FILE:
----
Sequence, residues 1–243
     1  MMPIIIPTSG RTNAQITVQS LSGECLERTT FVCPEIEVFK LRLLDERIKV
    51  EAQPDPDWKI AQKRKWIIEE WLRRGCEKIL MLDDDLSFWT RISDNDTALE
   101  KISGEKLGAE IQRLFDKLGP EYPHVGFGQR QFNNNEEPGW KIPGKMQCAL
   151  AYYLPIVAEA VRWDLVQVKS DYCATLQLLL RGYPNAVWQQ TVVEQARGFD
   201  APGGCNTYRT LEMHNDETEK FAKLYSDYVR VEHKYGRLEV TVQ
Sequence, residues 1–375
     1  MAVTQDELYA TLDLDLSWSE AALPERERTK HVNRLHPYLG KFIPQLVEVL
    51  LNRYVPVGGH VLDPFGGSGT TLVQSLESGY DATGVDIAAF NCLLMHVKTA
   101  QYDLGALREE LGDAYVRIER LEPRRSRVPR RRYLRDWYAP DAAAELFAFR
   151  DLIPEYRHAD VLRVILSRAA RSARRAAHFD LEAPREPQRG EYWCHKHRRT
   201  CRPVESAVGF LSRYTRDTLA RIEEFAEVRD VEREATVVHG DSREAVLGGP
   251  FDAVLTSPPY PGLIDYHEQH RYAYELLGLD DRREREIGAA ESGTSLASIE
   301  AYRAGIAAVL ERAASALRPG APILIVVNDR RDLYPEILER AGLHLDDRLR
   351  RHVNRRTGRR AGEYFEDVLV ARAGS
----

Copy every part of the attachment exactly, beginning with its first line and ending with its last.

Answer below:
Sequence, residues 1–243
     1  MMPIIIPTSG RTNAQITVQS LSGECLERTT FVCPEIEVFK LRLLDERIKV
    51  EAQPDPDWKI AQKRKWIIEE WLRRGCEKIL MLDDDLSFWT RISDNDTALE
   101  KISGEKLGAE IQRLFDKLGP EYPHVGFGQR QFNNNEEPGW KIPGKMQCAL
   151  AYYLPIVAEA VRWDLVQVKS DYCATLQLLL RGYPNAVWQQ TVVEQARGFD
   201  APGGCNTYRT LEMHNDETEK FAKLYSDYVR VEHKYGRLEV TVQ
Sequence, residues 1–375
     1  MAVTQDELYA TLDLDLSWSE AALPERERTK HVNRLHPYLG KFIPQLVEVL
    51  LNRYVPVGGH VLDPFGGSGT TLVQSLESGY DATGVDIAAF NCLLMHVKTA
   101  QYDLGALREE LGDAYVRIER LEPRRSRVPR RRYLRDWYAP DAAAELFAFR
   151  DLIPEYRHAD VLRVILSRAA RSARRAAHFD LEAPREPQRG EYWCHKHRRT
   201  CRPVESAVGF LSRYTRDTLA RIEEFAEVRD VEREATVVHG DSREAVLGGP
   251  FDAVLTSPPY PGLIDYHEQH RYAYELLGLD DRREREIGAA ESGTSLASIE
   301  AYRAGIAAVL ERAASALRPG APILIVVNDR RDLYPEILER AGLHLDDRLR
   351  RHVNRRTGRR AGEYFEDVLV ARAGS